9 ways to get kids to keep their hats on - without superglue

Date Posted:19 March 2019 


Sometimes, superglue seems to be the only solution to keeping hats on heads! But give these other ideas a whirl before whipping out that tube.

Some kids are born loving all thing hats, masks, bows, blankets and tiaras on their heads. Others have a highly sophisticated invisible alarm system that alerts them to fact it’s hat time before you’ve even picked it up and will do the runner. If your child is of the latter variety, we thought the best people to share tips for getting kids to keep their hats on was other frustrated mums just like you. We hijacked a thread in our We Love Our Bedhead Hats Facebook Group page and got some mothers of our lovely little brand reps to chime in with their experiences too. And we've illustrated it with a whole bunch of happy hat wearers in the hope it all rubs off on your family. Good luck!

 

1. Choose the right style for your child

Each of our three collections has a series of hat styles that kids work their way through as they grow. Some will overlap a little and you really need to work with your child’s preferences to work out the best hat for that overlap stage.

Legionnaire/Baby Flap Hat style: Best suited to newborn and young babies and is ideal for wearing in prams and carriers as the flap lies flat as baby does. The brim on these is also less invasive in and around their faces, making them ideal for fuss-pot youngsters who are old enough to be aware of this.
My daughter never tolerated bucket hats, only legionnaire hats (still) as she can’t see the brim in her peripheral vision as much. Consistency will pay off, eventually!” Kirsty Lawrenson

Toddler/baby buckets: The right time to move up to toddler buckets is when they’re up and about on their own exploring – they need that extra protection all around their head and shoulders that the brim of a bucket hat will provide.
“Style of hat can make a difference. I started my son in legionnaires as I prefer the style, but we recently discovered part of his issues with hats is that he doesn’t like the flap at the back touching his neck. Changed to bucket and he is happier.” Melissa Richards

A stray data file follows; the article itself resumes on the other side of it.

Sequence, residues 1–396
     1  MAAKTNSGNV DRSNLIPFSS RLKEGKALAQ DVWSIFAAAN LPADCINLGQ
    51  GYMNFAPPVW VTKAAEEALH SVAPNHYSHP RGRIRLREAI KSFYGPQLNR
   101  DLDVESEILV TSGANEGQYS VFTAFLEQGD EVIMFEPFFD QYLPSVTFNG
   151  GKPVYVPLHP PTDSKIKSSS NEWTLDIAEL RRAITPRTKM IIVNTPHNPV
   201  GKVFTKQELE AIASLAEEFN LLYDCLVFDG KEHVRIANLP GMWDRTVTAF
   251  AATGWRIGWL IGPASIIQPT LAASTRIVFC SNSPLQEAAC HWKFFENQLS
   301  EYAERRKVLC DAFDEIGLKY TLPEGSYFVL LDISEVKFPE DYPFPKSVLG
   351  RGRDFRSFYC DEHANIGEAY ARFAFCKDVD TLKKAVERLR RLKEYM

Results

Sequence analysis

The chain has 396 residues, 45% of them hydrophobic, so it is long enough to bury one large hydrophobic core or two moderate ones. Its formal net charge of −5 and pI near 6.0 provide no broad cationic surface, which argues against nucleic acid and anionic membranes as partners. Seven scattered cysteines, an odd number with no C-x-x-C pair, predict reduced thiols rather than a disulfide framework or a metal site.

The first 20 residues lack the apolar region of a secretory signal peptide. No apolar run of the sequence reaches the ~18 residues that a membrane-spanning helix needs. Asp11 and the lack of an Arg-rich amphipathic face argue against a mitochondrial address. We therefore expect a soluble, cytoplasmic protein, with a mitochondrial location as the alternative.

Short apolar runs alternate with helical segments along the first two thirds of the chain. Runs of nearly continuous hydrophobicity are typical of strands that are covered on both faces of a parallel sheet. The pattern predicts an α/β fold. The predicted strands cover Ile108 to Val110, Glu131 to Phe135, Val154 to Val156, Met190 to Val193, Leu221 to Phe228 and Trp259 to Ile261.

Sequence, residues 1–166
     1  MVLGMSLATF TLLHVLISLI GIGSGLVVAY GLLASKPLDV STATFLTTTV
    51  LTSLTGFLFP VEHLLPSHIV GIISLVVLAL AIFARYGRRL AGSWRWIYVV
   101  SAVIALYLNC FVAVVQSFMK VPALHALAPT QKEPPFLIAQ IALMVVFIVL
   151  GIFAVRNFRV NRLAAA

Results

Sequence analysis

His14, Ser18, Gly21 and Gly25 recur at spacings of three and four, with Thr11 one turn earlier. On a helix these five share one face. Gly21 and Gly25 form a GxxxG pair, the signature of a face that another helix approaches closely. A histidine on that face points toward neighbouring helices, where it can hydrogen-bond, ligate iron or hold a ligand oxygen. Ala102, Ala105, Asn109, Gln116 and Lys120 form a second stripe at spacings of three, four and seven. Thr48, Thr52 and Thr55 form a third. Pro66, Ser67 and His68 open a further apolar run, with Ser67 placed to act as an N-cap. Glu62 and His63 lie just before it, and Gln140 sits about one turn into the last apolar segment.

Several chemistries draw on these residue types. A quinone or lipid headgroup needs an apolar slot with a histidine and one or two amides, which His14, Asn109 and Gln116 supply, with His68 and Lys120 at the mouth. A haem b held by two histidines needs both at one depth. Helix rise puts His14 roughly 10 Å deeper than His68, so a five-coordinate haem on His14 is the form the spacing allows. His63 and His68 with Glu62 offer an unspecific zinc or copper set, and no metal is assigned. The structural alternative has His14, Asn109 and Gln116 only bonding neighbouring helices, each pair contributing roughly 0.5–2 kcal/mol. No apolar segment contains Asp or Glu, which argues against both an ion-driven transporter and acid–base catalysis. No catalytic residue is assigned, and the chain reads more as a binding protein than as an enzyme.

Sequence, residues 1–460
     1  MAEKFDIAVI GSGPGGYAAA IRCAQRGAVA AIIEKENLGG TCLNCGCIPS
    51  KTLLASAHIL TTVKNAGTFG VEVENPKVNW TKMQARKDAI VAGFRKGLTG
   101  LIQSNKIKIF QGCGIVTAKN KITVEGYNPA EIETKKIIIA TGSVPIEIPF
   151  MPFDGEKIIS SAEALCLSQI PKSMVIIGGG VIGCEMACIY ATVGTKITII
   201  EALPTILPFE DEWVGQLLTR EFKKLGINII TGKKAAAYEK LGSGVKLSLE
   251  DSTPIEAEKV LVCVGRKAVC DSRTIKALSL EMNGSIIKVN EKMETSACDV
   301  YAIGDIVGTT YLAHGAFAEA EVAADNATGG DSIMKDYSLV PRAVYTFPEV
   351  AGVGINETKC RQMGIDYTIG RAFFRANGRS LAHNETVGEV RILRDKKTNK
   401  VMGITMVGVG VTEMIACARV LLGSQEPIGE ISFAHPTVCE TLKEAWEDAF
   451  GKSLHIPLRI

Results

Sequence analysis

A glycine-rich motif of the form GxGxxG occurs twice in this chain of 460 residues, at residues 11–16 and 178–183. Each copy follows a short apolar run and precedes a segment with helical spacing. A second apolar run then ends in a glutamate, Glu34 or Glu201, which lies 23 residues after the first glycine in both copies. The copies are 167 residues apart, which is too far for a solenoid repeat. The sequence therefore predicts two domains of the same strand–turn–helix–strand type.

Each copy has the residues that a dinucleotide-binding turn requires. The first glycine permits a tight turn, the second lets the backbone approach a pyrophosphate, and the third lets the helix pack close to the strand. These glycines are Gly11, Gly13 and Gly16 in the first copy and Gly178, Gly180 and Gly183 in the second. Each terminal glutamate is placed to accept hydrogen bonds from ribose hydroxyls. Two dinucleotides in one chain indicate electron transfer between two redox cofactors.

Kids buckets/broadbrims Bigger kids get to graduate to the larger bucket hats which really just have a slightly different, more grown-up shape to the crowns. The broadbrims have more upright and deeper brims which provide more coverage to shoulders and chests. Both Bedhead styles have anti-flop brims which combats one of the biggest causes of kids not liking hats – because they flop in their eyes and annoy them!

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2. Start them early – no matter what season they’re born

When babies wear hats, headbands or beanies from a very young age, they are much more inclined to be happy-hat-wearers throughout their childhood.
“We have a happy hat wearer over here. Obinna was born in winter so has had a beanie on since birth and then it was an easy transition to a hat for summer.” Nneka, @nneex

3. Be persistent + consistent

Don’t take no for an answer – let them know they HAVE to wear a hat whenever they go outdoors. Keep putting it back on every time they take it off and adopt the “no hat, no play” rule that schools and daycares have. They’ll eventually either learn to love it - or just give up on fighting with you about it!
“Just keep putting it back on and be consistent – if you’re outside there needs to be a hat on his head.” Fiona Hall

4. Be a good role model

Just like when they blurt out those swear words, kids copy. Everything! So if you make it a habit to put a hat on when you go outside, your mini me will too. Role models extend to other close family members, so ask grandparents to wear their hats when minding your children and get older siblings to show littler ones the ropes too.
“When our daughter Lexi came along, she saw Flynn wearing his hat whenever he left the house, in all weathers and all seasons. She not only accepted her own hats, but wanted to wear her brothers too!” Vicky, @my_sweet_lexi

5. Make it fun